The challenge that is coccidiosis is now rearing its head on one in every three dairy and suckler beef farms throughout Ireland.

Caused by a prozoan parasite, the condition affects young calves from six weeks of age onwards and manifests itself in the form of black dung and significantly reduced growth rates. This is a direct result of the damage caused to the intestinal wall by the ingested parasite.

Jim Egan milks 140 high quality Holstein Friesian cows on the outskirts of Claremorris in Co Mayo. He supplies Aurivo Co-op.  Calving the year round, the current Spring calving group  is averaging 30 litres of milk per day at 4.05% butterfat and 3.30% protein.  Jim works closely with his herd manager Tony Golden.

Every effort is made to give calves the best possible start. This includes offering large volumes of colostrum in the twelve hours directly following the birth of each calf and ensuring that the new arrivals have access to meal from a very early stage. Spring born calves are put out to a grass paddock adjacent to the farm buildings, where concentrate is continuously available courtesy of a creep feeder. Both Jim and Tony are both committed to calving heifers at 24 months of age

“We never had a coccidiosis problem until last year,” Jim explains.

“Initially, our attention was drawn to the black coloured dung which the calves  started to put out and the fact that they were starting to fail quite badly.  At first we thought this was a scour issue but soon realised that we were dealing with a problem that was much more serious in nature.”

Tony Golden takes up the story:“We were recommended to drench the calves with Vecoxan, which we did. There was an immediate improvement in the condition of the animals. This year, again, we noticed the calves started to put out black dung at around six weeks of age. They were immediately with Vecoxan and I am delighted to confirm that they suffered very little setback at all.

Vecoxan is manufactured by Elanco. The company’s Ronan Kilcommons was a recent visitor to the Egan farm.

He explained:“Once the initial risks of nutritional scour and viral diseases have passed, a common scour threat in calves is coccidiosis. This one-celled parasite can have a devastating impact on growth of young stock and consequently on profits. Fortunately, the animals raise immunity to this organism but unless the systems are in place to allow this to happen, coccidia can overgrow and cause serious damage to the gut lining.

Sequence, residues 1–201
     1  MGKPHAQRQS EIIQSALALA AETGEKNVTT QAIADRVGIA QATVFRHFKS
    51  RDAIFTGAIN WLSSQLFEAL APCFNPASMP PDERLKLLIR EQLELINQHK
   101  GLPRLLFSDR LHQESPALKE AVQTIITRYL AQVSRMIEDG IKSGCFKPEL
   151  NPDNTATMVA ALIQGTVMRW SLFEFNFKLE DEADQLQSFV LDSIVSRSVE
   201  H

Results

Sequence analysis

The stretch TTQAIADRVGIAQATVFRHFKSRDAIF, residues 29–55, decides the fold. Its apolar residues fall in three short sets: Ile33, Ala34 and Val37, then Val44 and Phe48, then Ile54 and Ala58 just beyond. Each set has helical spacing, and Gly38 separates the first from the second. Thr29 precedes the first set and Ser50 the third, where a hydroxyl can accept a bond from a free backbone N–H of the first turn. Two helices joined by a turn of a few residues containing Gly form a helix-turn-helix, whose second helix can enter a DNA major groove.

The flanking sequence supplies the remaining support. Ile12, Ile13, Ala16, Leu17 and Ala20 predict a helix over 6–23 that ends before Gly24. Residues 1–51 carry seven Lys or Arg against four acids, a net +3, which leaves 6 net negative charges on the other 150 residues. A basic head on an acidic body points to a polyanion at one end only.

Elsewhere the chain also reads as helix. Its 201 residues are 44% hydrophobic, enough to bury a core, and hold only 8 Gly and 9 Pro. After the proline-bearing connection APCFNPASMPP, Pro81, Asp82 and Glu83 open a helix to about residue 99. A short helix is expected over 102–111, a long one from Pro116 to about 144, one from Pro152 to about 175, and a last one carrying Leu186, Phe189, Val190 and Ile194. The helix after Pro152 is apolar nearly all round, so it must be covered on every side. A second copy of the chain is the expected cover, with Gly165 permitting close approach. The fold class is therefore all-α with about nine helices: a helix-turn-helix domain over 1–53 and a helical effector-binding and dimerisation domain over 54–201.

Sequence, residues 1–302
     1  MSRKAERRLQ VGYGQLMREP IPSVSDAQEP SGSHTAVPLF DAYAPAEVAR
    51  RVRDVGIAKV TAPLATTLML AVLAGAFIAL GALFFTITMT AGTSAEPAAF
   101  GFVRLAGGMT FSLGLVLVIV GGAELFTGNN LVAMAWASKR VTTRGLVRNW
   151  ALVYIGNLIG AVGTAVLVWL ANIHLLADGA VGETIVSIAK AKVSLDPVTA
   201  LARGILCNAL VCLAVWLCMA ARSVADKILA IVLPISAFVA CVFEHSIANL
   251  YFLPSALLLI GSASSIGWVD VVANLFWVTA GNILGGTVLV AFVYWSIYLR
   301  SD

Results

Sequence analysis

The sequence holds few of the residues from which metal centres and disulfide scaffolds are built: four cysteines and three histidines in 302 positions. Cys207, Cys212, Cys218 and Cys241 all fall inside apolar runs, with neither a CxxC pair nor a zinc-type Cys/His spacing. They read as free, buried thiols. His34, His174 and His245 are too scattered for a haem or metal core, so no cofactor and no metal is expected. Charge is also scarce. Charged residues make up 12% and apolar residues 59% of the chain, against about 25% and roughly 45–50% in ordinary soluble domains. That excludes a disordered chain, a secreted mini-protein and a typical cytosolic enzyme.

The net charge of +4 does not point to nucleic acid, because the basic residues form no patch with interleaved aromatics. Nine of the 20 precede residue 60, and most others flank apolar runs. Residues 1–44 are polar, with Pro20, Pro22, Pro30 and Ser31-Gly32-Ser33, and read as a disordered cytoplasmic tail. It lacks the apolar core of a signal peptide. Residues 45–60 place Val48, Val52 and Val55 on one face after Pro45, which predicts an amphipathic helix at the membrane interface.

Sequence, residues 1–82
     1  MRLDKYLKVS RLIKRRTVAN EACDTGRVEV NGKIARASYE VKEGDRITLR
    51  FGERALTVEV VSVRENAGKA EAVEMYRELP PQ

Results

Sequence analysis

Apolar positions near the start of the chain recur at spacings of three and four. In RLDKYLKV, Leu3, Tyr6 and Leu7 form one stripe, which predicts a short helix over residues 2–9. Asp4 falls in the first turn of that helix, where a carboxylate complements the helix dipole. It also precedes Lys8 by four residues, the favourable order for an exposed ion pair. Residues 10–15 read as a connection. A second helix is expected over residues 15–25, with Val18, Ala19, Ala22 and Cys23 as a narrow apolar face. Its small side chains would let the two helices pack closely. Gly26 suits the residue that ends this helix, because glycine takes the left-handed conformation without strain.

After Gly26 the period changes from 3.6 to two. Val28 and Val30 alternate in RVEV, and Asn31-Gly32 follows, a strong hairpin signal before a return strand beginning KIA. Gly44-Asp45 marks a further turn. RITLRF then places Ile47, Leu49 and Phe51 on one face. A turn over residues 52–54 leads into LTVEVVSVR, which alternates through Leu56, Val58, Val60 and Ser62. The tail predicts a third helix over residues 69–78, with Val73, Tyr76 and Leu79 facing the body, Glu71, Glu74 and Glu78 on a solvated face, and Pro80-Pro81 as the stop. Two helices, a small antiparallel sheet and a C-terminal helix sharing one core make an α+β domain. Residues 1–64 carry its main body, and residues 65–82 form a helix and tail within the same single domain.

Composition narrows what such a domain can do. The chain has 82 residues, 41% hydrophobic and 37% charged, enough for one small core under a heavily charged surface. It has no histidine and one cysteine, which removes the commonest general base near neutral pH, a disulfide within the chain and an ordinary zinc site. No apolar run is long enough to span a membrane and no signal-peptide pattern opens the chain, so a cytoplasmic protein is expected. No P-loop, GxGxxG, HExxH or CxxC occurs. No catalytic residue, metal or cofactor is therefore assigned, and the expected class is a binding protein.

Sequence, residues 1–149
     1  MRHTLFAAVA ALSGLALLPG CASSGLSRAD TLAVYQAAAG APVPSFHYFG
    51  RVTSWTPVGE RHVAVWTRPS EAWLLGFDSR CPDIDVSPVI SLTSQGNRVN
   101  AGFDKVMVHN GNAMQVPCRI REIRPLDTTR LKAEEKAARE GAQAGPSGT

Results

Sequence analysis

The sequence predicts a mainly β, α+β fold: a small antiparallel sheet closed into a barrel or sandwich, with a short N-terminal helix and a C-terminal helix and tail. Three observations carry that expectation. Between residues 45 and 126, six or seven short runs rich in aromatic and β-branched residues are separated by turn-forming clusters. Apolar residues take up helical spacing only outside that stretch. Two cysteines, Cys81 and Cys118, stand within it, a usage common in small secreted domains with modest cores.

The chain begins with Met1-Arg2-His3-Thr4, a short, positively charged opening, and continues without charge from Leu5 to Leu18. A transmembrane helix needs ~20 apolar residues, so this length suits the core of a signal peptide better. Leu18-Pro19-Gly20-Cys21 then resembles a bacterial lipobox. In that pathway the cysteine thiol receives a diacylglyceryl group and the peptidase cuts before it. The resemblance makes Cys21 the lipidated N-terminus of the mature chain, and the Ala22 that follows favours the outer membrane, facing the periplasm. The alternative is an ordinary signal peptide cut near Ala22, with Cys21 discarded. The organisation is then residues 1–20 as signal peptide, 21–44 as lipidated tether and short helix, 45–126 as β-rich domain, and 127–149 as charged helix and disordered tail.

“Timing of treatment and management of the environment are essential to combat this disease. The parasite has a 3 week lifecycle and during this time can replicate from one organism to 16 million. The organism is ingested by eating oocysts from faeces. Therefore reducing contamination of feeding and drinking troughs can reduce the burden of disease considerably. Clean bedding and footbaths between pens can also assist in the reduction of transfer of the coccidia.”

Ronan went on to point  that treatment must coincide with exposure to the disease to be effective long term, as the animal’s own immunity needs to recognise the organism and be able to raise its own immune response when it is challenged again. Colostrum antibodies provide protection for up to 3-4 weeks and then wane. It is only after this that the animal’s own immune system can react.

He added:“Treatment is usually targeted at 4 – 6 weeks of age, to ensure exposure and subsequent immunity to develop before the next 3 week lifecycle attacks the gut. If the organism is allowed to go untreated, it may result in damage to the gut lining. This can take up to 4 weeks to recover. The consequence is that any food ingested is not absorbed at an optimal rate and will show up in growth targets being set back by a similar length of time, thus increasing feed, labour and veterinary costs.

“Large numbers of eggs can accumulate in the dung directly adjacent to feeders. As a result, there is merit in moving a creep feeder to different locations within a field as the grazing season continues. What’s more, if coccidiosis rears its head with early spring born calves, it is likely to become a bigger problem again with animals born later in the season. This is because of the build-up of egg numbers on the farm.”